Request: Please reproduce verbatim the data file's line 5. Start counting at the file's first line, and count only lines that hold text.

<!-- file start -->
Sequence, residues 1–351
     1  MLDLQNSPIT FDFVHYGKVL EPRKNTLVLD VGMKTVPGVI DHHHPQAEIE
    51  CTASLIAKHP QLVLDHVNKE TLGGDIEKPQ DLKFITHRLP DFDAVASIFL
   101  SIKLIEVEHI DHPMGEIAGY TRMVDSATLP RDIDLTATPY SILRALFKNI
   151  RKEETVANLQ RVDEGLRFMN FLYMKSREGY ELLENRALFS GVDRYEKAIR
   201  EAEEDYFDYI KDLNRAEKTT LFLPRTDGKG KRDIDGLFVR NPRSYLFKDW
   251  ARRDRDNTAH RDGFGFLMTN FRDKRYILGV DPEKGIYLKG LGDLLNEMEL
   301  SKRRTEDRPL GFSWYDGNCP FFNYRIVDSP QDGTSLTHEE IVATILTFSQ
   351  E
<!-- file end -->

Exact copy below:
   151  RKEETVANLQ RVDEGLRFMN FLYMKSREGY ELLENRALFS GVDRYEKAIR